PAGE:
Dear Meagan Markle, Her Royal Highness Princess Henry of Wales

The Private Secretary to Her Royal Highness Princess Henry of Wales
Clarence House
London SW1A 1BA

25 May 2018

Dear Sir,

Please will you lay my letter before Her Royal Highness Princess Henry of Wales. It regards a matter of some interest to Her Highness, specifically a moment when she took a stand for gender equity, and a situation where she can advance it again.

Yours truly,


The Most Revd Justin Welby, Archbishop of Canterbury
Lambeth Palace
London SE1 7JU

Dear Archbishop,

I am a husband, father, and Episcopalian.

During the most recent Royal Wedding, we learned that the American company Proctor and Gamble once advertised dish soap that promised great benefits to the women who used it. An 11 year old Meghan Markle wrote a letter to the company suggesting that they change the commercial to explain the benefits their product brings to all people, not just women. They did.

It occured to me while watching the wedding ceremony – during the part where you were talking about marriage uniting a husband and wife – that you are underselling marriage, and perhaps nobody has written you a letter about it.

As you well know, God made marriage for two people together, for faithfulness, stability, and loving relationships. These are qualities of our hearts, minds, soul and strength – not our bodies. The sacrament brings this to all people.

I wish you would stop referring to marriage as exclusively between a man and a woman and finally fix the Book of Common Prayer, to clarify that the sacrament of marriage is a union between two people.

When such a large part of the Anglican Communion celebrates same-sex marriages, when such marriages are embraced by so many countries within and beyond the Commonwealth, and when my kids know me and my husband as two people who are married, it seems disingenuous and trite to rattle on about the differences of gender instead of the Love of God.

Yours in Christ,

The Most Revd Justin Welby, Archbishop of Canterbury

The Most Revd Justin Welby, Archbishop of Canterbury
Lambeth Palace
London SE1 7JU

Dear Archbishop,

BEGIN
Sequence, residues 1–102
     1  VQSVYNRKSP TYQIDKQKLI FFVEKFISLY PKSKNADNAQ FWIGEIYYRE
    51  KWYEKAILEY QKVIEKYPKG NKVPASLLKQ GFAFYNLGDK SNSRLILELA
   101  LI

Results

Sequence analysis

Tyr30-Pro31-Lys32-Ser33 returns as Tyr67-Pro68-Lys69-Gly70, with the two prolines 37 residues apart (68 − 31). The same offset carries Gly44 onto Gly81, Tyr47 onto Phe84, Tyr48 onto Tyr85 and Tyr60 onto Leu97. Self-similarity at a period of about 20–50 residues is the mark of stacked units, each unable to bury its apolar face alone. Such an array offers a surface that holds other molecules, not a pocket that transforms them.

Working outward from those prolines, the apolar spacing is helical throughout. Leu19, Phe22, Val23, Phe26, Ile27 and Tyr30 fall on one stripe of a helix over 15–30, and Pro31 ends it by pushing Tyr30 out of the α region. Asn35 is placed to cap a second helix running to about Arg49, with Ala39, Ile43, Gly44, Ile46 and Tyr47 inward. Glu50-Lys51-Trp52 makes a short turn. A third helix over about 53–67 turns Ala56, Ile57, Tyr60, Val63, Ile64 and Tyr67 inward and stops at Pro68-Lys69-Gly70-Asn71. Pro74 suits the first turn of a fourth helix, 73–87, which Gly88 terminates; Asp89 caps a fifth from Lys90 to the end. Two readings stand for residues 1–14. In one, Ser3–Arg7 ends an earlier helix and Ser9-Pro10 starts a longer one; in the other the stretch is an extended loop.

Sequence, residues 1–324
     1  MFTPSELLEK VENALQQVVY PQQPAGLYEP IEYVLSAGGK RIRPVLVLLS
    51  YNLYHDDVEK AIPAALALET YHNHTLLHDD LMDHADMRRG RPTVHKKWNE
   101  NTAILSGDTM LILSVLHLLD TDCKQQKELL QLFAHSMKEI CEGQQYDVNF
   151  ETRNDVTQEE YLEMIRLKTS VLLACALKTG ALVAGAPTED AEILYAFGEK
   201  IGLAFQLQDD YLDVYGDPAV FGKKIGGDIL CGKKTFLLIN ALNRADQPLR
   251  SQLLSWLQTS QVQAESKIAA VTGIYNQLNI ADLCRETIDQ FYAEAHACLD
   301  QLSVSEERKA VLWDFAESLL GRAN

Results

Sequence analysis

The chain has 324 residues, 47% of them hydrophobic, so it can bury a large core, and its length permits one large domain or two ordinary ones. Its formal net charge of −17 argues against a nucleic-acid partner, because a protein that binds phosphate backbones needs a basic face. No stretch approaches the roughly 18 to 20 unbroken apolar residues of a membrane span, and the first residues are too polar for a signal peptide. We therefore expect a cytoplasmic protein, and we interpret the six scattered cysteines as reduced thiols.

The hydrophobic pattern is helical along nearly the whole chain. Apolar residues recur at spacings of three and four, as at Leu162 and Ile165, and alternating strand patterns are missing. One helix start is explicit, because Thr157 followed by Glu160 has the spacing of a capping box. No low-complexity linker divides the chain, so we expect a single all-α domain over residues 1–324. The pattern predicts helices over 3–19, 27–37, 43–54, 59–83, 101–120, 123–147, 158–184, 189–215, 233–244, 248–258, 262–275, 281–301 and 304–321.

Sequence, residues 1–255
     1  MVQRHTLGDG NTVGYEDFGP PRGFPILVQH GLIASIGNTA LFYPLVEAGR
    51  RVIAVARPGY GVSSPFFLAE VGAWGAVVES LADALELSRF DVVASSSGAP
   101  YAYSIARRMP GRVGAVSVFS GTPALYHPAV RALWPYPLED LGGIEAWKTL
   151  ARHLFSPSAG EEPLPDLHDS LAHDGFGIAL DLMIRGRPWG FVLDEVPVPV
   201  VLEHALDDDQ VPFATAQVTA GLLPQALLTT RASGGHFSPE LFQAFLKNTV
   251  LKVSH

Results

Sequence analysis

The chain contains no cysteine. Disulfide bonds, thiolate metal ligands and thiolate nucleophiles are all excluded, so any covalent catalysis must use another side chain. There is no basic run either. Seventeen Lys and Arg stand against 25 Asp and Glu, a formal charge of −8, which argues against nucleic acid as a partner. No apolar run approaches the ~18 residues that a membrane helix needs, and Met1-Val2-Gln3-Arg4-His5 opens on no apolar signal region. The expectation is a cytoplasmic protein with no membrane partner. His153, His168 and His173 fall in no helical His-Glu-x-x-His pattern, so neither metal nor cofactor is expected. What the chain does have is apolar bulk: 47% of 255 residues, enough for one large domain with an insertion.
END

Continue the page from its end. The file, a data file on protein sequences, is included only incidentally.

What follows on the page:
I am a husband, father, and Episcopalian.

During the most recent Royal Wedding, we learned that the American company Proctor and Gamble once advertised dish soap that promised great benefits to the women who used it. An 11 year old Meghan Markle wrote a letter to the company suggesting that they change the commercial to explain the benefits their product brings to all people, not just women. They did.

It occurred to me while watching the wedding ceremony – during the part where you were talking about marriage uniting a husband and wife – that you are underselling marriage, and perhaps nobody has written you a letter about it.

As you well know, God made marriage for two people together, for faithfulness, stability, and loving relationships. These are qualities of our hearts, minds, soul and strength – not our bodies. The sacrament brings this to all people.

I wish you would stop referring to marriage as exclusively between a man and a woman and finally fix the Book of Common Prayer, to clarify that the sacrament of marriage is a union between two people.

When such a large part of the Anglican Communion celebrates same-sex marriages, when such marriages are embraced by so many countries within and beyond the Commonwealth, and when my kids know me and my husband as two people who are married, it seems disingenuous and trite to rattle on about the differences of gender instead of the Love of God.

Yours in Christ,

Today’s letter – the video made me cry

Dear Governor Schwarzenegger –

I’m still haunted by the images in the Let California Ring commercial “Garden Wedding.” In this thirty second ad, church bells ring as a bride prepares for her big day. The door sticks, cars block her path to the wedding pavilion, low-hanging branches foil her veil, then on her way down the aisle when she just makes eye contact with her groom, somebody sticks out their foot and she trips and falls. The message covers the screen: “what if you couldn’t marry the person you love?”

As a gay dad in a Domestic Partnership, I feel like this bride in a nightmare: so close to the altar, yet constantly foiled from marrying the person I love by things completely out of my control. Like when you chose to veto AB 43, the bill that would have let me marry the person that I love. That was really mean.

Strong families and individual choice are the cornerstone of California’s economy and your political party. I just want the government to support my choice to form and keep strong families through marriage.

Yours,